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A Higher Standard of Care

The struggle to conceive a child is one that affects 1 in 8.  The field of REI has experienced technological leaps and bounds since the birth of Louise Brown, the first baby born as the result of Invitro Fertilization (IVF) in 1978.  Yet, every day, women and men walk through the doors of Team RMI to see if they can conceive the family of their dreams.  “Infertility is a process full of many steps,” says Miller.  “Patients can easily get caught up in the worry that they aren’t do something ‘right’, whether it be timing, medication etc.  Our job is to hold their hand through the journey, to limit their stress and frustration with the process.”

Infertility can be the result of female factor (40%), male factor (40%) or both (20%) but perhaps the most difficult statistic is the 20% of infertility cases that are unexplained.  Particularly in cases such as these, Miller and her staff go to work.  “I might not experience infertility directly, but I certainly can relate to uncertainty, fear and loss.  We are trained to put ourselves in our patients’ shoes and really, those emotions are part of the human experience, whether you are trying to conceive or not.”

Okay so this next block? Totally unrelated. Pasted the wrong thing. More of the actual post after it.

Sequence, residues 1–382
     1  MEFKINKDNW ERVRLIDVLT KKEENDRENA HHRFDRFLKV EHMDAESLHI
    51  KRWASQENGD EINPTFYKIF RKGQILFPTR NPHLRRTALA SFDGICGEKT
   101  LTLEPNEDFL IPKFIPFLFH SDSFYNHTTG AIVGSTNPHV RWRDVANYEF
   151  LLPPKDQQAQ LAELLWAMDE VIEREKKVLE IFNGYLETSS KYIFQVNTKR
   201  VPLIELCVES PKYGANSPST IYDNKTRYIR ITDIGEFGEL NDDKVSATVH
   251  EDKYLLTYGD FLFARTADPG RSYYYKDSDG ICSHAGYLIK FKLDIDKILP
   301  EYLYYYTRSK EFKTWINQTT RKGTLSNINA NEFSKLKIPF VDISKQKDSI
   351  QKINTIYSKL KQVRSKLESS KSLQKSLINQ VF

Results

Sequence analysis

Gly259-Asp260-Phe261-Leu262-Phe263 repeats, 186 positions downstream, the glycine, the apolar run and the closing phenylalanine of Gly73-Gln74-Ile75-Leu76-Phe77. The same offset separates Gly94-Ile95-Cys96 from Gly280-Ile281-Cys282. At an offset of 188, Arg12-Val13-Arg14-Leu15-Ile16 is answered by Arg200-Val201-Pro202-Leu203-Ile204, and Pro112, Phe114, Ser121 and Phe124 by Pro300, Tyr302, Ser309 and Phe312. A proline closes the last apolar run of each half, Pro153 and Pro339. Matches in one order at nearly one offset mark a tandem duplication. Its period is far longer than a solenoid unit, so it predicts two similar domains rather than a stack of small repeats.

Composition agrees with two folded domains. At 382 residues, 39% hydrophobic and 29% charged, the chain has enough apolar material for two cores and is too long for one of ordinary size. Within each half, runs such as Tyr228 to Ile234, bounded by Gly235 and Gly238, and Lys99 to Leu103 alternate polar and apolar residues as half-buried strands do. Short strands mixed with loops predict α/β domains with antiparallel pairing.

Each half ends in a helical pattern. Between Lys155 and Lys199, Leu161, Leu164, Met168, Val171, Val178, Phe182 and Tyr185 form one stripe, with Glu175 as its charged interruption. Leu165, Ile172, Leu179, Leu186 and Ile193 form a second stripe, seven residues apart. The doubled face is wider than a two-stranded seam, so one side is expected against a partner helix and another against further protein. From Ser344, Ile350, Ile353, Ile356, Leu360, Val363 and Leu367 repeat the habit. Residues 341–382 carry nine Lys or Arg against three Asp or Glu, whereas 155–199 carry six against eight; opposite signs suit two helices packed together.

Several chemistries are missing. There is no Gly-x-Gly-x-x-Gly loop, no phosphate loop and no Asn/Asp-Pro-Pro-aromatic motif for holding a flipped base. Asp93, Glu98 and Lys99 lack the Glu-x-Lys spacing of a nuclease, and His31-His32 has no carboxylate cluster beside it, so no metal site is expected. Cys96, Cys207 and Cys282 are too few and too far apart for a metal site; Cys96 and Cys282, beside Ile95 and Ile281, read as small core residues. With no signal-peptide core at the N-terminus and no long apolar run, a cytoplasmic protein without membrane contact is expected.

Treatment generally involves regular blood draws and ultrasounds, the combination of which can result in an every day visit to the clinic.  “Our goal is to provide support to our patients whomever they are here to ‘see’; doc tor, nurse, phlebotomist or sonographer,“ says Miller.  “That just doesn’t happen in our offices.  We also call patients with results from a myriad of tests on a regular basis and often times, that means delivering information in their desired way…not necessarily ours.  We have had patients who choose to filter information through their partners, some who would rather communicate through email, text and others who insist on a phone call, not a message.  Regardless, how a patient chooses to receive information is as crucial to the process as the information they are receiving.”

While Miller admits she has cried with patients who haven’t succeeded, she also experiences the joy of those who do and the delight in meeting the babies who have resulted from their efforts.  “This is such an intimate time in the lives of our patients and to be allowed to share this with them, regardless of the result, is an honor.  We can’t avoid the process but we can assure our patients that they are not alone.”